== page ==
It was a couple of years ago (OK, maybe a couple of decades ago), when my wife and I took our son, then a high school student, on the pre-college tour. We visited a variety of campuses from coast to coast (and in Canada, too). At the beginning of the fall semester, we ended up in Baltimore at Johns Hopkins University.
The freshmen had just arrived, and the first edition of the student newspaper was displayed on its racks. I picked up a copy.
For the freshmen, the paper had a very practical section listing all of the unofficial Johns Hopkins slang words they needed to know to sound cool and—more importantly—to avoid appearing clueless.
My attention was quickly caught by one of these words: “throating,” as in the verb “to throat.” Throating is primarily an occupation of pre-med students, though any student could engage in this behavior.
To “throat” is to directly hinder or hurt other students’ performance. Any student can throat an individual student or an entire class.
For example, a “throat” (a student who engages in throating) might sabotage another student’s lab experiment or destroy yet another’s notes.
Or the throat could do this to everyone by stealing key books from the library or even by cutting an essential article out of a journal or an important chapter from a book.
Why would pre-med students at Johns Hopkins (or any college) engage in such cutthroat behavior? Because they are competing directly with each classmate for admission to the most prestigious medical schools. Each medical school will admit only a very few of Johns Hopkins’ pre-med students. Thus the competition is zero-sum: If you win, I must lose.
At Johns Hopkins, I am told, the practice of throating has disappeared. Certainly, I hope so.
Nevertheless, there do exist competitive circumstances in which some people may conclude (regardless of what their mothers taught them, or what approach to ethics they studied) that sabotage is (if not ethically acceptable) obviously expedient.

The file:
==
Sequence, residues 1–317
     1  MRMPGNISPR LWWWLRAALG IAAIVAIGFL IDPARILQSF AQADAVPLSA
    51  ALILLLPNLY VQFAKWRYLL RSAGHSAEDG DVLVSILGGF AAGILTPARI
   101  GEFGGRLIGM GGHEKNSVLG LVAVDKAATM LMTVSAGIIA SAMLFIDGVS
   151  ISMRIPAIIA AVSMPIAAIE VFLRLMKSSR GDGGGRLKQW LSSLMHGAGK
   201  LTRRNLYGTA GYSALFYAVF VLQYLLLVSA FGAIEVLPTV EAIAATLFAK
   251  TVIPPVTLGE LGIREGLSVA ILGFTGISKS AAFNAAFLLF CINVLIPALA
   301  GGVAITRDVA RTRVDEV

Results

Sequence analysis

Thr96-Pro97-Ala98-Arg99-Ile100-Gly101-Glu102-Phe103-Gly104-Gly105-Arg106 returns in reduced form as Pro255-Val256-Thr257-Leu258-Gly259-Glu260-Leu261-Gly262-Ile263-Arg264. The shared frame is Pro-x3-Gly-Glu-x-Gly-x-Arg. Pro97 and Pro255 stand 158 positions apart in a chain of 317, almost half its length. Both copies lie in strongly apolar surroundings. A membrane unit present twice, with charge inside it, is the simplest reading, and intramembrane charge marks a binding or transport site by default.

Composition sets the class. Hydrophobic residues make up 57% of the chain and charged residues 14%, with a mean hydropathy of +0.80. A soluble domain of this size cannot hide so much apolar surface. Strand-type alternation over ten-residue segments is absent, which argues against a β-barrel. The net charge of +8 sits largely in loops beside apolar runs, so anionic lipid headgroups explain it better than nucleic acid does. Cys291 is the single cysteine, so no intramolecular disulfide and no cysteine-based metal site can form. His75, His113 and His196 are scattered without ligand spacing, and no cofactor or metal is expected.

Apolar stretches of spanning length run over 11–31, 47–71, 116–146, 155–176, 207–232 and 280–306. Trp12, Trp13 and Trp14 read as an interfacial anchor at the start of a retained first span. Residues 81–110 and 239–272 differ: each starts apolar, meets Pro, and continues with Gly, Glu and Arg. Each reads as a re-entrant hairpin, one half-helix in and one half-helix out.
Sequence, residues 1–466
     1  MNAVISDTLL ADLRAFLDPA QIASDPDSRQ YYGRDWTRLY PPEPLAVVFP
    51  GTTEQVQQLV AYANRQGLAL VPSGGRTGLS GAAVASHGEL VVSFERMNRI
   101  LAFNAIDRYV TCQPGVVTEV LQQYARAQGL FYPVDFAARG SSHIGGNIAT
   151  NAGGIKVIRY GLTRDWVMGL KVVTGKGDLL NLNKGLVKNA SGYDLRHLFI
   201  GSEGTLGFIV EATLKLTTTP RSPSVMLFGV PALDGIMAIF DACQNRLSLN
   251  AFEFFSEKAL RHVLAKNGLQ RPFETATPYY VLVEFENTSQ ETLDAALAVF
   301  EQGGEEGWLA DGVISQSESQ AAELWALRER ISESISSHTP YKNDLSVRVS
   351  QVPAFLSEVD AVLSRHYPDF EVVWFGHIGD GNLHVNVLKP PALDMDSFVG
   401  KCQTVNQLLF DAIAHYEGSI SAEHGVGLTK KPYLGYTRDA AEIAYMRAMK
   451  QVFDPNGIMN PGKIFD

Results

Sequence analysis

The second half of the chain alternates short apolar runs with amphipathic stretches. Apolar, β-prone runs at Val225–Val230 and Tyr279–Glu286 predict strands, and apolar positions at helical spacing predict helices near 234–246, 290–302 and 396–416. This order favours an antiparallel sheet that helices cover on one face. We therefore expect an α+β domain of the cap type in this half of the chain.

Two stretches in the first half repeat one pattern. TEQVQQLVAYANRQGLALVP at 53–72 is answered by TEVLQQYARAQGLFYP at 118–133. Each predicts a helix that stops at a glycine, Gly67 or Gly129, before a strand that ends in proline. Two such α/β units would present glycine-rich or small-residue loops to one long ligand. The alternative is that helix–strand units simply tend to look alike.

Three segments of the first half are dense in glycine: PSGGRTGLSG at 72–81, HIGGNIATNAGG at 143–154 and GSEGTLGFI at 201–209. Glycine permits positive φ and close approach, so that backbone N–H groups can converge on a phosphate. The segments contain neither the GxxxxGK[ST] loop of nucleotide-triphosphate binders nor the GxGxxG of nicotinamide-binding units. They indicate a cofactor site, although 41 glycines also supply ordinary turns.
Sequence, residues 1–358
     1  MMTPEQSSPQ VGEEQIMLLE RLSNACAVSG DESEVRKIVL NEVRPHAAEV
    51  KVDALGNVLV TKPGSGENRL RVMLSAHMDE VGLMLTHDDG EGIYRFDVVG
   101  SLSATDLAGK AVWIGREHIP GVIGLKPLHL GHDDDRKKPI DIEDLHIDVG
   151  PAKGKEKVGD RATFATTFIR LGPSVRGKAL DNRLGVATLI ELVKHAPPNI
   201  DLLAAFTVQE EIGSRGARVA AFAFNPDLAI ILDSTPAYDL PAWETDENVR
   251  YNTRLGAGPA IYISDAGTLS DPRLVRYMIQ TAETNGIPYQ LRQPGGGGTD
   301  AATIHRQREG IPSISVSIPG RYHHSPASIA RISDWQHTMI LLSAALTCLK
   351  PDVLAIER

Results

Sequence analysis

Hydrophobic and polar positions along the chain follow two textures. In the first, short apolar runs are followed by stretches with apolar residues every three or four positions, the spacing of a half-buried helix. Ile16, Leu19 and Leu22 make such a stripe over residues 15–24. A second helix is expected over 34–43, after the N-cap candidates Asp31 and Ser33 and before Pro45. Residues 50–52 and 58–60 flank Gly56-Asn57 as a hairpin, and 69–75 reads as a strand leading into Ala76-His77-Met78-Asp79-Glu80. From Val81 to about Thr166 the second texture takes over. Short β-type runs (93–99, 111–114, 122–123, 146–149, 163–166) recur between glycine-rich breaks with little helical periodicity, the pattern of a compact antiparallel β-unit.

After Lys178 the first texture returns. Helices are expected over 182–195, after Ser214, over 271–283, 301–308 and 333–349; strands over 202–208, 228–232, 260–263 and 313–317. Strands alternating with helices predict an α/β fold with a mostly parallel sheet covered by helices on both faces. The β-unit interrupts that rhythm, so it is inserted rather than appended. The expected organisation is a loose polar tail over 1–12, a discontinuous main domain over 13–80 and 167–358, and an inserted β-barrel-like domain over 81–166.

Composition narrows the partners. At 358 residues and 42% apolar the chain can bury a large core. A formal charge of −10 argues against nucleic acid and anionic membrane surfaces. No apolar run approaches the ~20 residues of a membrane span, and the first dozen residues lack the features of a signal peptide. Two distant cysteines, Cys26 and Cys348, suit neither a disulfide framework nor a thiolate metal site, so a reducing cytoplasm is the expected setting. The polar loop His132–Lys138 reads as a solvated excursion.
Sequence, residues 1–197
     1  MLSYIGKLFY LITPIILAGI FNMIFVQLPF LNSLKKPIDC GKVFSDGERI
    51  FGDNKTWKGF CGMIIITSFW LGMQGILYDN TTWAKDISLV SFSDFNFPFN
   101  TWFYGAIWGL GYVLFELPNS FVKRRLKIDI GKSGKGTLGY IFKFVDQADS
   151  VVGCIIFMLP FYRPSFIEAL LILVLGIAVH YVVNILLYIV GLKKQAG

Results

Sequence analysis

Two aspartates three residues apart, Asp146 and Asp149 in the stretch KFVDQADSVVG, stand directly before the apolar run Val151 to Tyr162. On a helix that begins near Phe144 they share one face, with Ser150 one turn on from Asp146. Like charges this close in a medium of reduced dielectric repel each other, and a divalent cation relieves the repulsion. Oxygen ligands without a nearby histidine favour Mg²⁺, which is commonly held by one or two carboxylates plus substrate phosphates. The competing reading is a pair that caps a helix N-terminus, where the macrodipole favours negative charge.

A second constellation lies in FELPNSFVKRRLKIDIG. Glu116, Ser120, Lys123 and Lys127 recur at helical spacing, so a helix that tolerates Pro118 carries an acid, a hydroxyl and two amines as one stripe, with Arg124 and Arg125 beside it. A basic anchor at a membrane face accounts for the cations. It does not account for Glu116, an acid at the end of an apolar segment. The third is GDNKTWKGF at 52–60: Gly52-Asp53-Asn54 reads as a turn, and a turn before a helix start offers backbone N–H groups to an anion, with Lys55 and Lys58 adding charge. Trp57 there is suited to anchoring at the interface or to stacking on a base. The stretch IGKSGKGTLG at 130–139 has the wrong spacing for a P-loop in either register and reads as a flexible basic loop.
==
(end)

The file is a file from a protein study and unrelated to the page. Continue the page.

For example: When the number of undergraduates who will be accepted by a medical school is strictly limited to a small number of applicants. Or when the number of senior managers who can be promoted to vice president is strictly limited to a small number. Or when everyone knows that the number of cookies, or gold stars, or ribbons, or goodies (or other forms of recognition) are, again, strictly limited to a small number.
This is not, however, always the case. In other competitive situations, a would-be saboteur will gain absolutely nothing.
Suppose every pre-med student at Johns Hopkins who was qualified—who, for example, passed some kind of medical-school admission test—was admitted to a high-quality medical school. If this was the case, no student would gain any advantage by throating any other student.
In fact, in this situation, all students could benefit from helping their colleagues. If helping colleagues fostered a norm of reciprocal cooperation, every student at Johns Hopkins would benefit. Such cooperation would improve everyone’s ability to pass the medical-school admissions test—and thus get into a high-quality medical school.
Inherently, however, the number of places in the entering classes of top-ranking medical schools is limited. Thus, pre-med students will always be competing with other students—particularly with students from their
own college—for one of these precious spots.
This, however, is not always the case. Or, at least, it doesn’t have to be. There are times when the number of rewards—be they cookies or gold stars—is not inherently limited. And yet, for some reason, those who create the reward structure think it is—or, at least, that it should be—very limited.
This is competition, and our mental model for competition is athletics. At the end of the season, there is just one winner. Everyone else is a loser.
Is this mental model always appropriate? Do we want only one school to be a winner—while all of the others are declared to be losers? Do we want only one child-welfare manager to be a winner—while all the other managers are labeled as losers?
If we want all schools and all managers to be successful, why do we create a structure of rewards that actually encourages those who have a chance to win to engage in throating, or at least to avoid helping their colleagues? And why do we create a structure of rewards that encourages those who know they have no chance of winning to stop trying? Why do only the top 20 percent of schools get to display a winner’s flag? Why do only the top 20 percent of managers get the (miniscule) bonus?
Isn’t it possible to design a reward structure that discourages throating? Isn’t it possible to design a reward structure that positively encourages people to cooperate?
Robert D. Behn, a lecturer at Harvard University's John F. Kennedy School of Government, chairs the executive education program Driving Government Performance: Leadership Strategies that Produce Results. His book, The PerformanceStat Potential, has just been published by Brookings.
Copyright 2014 Robert D. Behn